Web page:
Tuesday, 11 October 2011

Cabinet Votes on Shalit Release deal



Government holds urgent session to discuss deal meant to secure release of Hamas-held IDF soldier. Netanyahu says at start of meeting that if everything goes as planned Shalit will return home within days after more than five years in Hamas captivity; sources say it is 'highly likely' deal would be approved by majority vote
Is the Shalit deal within grasp? Prime Minister Benjamin Netanyahuconvened the cabinet for an urgent session on Tuesday night to approve a prisoner exchange deal meant to secure the release of kidnapped IDF soldier Gilad Shalit

Netanyahu said at the start of the cabinet meeting that if everything goes as planned Shalit will return home within days after more than five years in Hamas captivity.

Latest on Shalit deal:
The cabinet is expected to vote on the deal later Tuesday night. Jerusalem sources told Ynet that it was "highly likely" that the cabinet would approve the deal by a majority vote.

The prisoner swap would see Shalit exchanged for some 1,000 Palestinian terrorists held by Israel. A source involved in the talks said the deal would see the prisoners released in a two-stage arrangement, the first involving the release of 450 for the soldier, with the remaining 550 freed at a later time.


"The exchange deal of Palestinian prisoners for Shalit (will be) implemented at the beginning of this November, with Egyptian mediation," the television channel said, citing unnamed sources. It did not give further details. 

Hamas' Izz al-Din al-Qassam Brigades Spokesperson Abu Ubeida said: "We are in the process of completing the technical arrangements to complete the deal within days."

Popular Resistance Committees' Spokesman Abu Mujahid said that the agreement reached with Israel includes the release of all female prisoners, as well as Israeli-Arab prisoners. 

A Hamas delegation led by a top Hamas official, Mahmoud Zahar, arrived in Cairo on Monday night from the group's headquarters in Syria. Gaza sources told Reuters that the swap may even take place "within the next few days."



Shalit in taped message recorded in 2009 while in Hamas captivity

'Gilad could be home within days'
"When I took office I took it upon myself, as a personal mission, to bring Gilad home to his family," Netanyahu said at the beginning of the cabinet meeting.

"The main mission ahead of us was to bring him home with the help of the German mediator. Not a day went by when we didn’t try to devise ways to get Gilad back.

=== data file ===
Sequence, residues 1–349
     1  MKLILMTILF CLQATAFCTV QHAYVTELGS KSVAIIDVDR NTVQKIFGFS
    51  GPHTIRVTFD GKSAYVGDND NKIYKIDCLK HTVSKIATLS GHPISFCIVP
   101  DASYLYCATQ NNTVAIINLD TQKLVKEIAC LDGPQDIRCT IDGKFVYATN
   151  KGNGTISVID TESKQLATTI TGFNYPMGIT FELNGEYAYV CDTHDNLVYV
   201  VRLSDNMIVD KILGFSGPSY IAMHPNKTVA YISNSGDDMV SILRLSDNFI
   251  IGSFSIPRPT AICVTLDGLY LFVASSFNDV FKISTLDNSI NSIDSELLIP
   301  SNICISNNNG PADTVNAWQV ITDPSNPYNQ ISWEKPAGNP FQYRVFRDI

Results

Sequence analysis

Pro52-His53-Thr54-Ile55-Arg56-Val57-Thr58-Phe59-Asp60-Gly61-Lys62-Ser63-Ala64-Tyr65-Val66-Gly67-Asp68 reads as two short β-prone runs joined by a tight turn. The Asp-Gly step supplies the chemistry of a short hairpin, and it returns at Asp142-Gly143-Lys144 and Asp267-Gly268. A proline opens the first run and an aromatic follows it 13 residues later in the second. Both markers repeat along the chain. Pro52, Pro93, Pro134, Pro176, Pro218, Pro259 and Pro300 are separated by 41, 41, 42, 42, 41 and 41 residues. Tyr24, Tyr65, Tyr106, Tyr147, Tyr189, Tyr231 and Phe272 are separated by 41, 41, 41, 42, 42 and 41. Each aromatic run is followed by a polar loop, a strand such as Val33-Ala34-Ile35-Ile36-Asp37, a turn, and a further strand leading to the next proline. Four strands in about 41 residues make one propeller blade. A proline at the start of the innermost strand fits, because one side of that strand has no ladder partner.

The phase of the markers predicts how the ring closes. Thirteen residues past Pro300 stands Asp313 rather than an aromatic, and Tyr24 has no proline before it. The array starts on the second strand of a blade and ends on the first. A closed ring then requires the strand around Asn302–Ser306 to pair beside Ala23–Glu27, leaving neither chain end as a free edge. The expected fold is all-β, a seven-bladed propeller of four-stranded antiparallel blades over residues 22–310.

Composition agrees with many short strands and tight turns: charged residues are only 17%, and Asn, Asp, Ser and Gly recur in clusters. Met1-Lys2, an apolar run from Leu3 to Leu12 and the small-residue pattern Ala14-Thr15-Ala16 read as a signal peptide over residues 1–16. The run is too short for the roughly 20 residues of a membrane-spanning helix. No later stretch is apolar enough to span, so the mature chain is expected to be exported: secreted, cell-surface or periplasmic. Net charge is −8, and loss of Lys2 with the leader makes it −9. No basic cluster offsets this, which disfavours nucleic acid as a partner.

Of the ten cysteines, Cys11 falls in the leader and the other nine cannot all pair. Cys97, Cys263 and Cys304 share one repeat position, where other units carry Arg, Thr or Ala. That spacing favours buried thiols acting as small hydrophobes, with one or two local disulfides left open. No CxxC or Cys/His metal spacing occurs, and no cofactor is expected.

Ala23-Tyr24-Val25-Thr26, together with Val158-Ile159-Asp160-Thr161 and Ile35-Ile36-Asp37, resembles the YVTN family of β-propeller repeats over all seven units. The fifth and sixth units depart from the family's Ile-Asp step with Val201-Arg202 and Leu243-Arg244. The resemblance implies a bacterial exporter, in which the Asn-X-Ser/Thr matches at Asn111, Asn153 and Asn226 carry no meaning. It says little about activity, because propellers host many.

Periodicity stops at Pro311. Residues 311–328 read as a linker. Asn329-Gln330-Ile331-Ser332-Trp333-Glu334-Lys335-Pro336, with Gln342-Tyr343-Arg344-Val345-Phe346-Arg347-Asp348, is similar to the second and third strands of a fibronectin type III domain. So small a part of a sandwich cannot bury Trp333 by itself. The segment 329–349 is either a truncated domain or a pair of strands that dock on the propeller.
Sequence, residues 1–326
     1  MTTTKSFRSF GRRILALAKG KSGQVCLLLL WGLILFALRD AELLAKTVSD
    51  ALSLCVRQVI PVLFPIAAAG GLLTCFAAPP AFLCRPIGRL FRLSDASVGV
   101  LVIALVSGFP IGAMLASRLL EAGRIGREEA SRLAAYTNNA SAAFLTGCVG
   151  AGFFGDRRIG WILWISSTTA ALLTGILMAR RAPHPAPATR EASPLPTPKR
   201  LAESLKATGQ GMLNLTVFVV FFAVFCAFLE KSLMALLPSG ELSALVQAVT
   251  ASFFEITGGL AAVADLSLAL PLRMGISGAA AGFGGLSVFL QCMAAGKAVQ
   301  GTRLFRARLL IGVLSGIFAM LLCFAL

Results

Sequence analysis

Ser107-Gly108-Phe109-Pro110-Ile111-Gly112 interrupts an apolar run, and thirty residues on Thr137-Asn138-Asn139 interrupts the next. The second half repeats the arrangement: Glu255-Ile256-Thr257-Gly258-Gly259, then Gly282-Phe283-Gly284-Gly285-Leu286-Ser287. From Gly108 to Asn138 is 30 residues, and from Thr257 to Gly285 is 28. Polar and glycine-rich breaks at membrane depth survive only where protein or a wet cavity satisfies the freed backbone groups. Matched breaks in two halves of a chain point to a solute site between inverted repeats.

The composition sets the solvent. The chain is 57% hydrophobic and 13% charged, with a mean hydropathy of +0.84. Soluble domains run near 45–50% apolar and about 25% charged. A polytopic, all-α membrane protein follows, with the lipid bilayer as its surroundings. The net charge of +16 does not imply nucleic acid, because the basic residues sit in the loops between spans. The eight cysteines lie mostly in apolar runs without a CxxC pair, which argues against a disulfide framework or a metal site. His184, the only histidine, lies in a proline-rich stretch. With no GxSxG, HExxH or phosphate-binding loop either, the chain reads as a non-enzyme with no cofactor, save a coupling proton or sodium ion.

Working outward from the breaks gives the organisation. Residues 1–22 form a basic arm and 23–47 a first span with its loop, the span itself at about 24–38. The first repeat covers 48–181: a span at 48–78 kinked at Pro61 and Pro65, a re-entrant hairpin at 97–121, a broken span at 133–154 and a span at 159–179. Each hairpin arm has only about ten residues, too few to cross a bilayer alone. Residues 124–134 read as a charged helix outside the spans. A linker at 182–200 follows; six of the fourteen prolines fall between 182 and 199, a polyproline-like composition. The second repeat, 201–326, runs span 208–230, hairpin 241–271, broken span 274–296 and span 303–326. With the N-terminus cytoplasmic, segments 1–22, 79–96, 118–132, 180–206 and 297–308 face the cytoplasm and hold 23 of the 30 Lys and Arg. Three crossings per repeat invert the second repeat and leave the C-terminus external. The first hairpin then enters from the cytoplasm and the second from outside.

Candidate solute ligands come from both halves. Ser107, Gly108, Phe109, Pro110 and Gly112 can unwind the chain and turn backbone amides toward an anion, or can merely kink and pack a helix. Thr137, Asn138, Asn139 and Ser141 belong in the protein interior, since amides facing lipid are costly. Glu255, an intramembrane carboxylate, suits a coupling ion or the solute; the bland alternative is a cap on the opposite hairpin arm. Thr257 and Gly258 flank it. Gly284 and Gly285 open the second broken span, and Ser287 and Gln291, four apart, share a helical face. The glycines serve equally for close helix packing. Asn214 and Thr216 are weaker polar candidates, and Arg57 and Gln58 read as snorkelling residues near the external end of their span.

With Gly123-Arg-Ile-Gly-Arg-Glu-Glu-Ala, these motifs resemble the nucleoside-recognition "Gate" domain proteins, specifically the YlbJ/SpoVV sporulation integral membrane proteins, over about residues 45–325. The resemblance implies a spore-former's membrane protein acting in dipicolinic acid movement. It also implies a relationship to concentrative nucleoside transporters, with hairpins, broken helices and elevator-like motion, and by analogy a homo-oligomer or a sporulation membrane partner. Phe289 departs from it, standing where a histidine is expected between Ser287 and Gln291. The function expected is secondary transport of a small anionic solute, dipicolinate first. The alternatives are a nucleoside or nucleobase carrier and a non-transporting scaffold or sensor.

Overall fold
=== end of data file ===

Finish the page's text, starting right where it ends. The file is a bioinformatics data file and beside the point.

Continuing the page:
"In the past few weeks the negotiations were renewed. I instructed the team to hold them under the guidelines important to Israel – the need to bring Gilad home and the need to keep Israel's citizens safe. I, as the prime minister, and the government are deeply committed to both," Netanyahu continued.





Netanyahu in emergency government meeting on Tuesday (Photo: GPO) 

"I'm presenting the government with a proposal that would see Gilad come home safely. Our main mission – to actually bring Gilad home – was extremely difficult and the negotiations were grueling. With everything that is happening in Egypt and the region, I don’t know if the future would have allowed us to get a better deal – or any deal at all for that matter. This is a window of opportunity that might have been missed."

Turning his attention to the objections voiced by terror victims' families to the pending release of hundreds of prisoners responsible for the deaths of many Israelis, Netanyahu said: "I understand the hardships of the terror victims' families… but it is the leadership's job to make difficult decisions. 

"This deal expresses the correct balance between all of our considerations. This is a very hard decision," he concluded. 
   
Netanyahu's special eight-minister forum discussed the deal on Sunday and had apparently agreed on all of the deal's main points.


Shalit was captured in June 2006 in a cross-border raid by Palestinian terrorists near the Kerem Shalom crossing. He has been held in Hamas captivity for 1,934 days.
Elior Levy, Ahiya Raved, AP and Reuters contributed to this report

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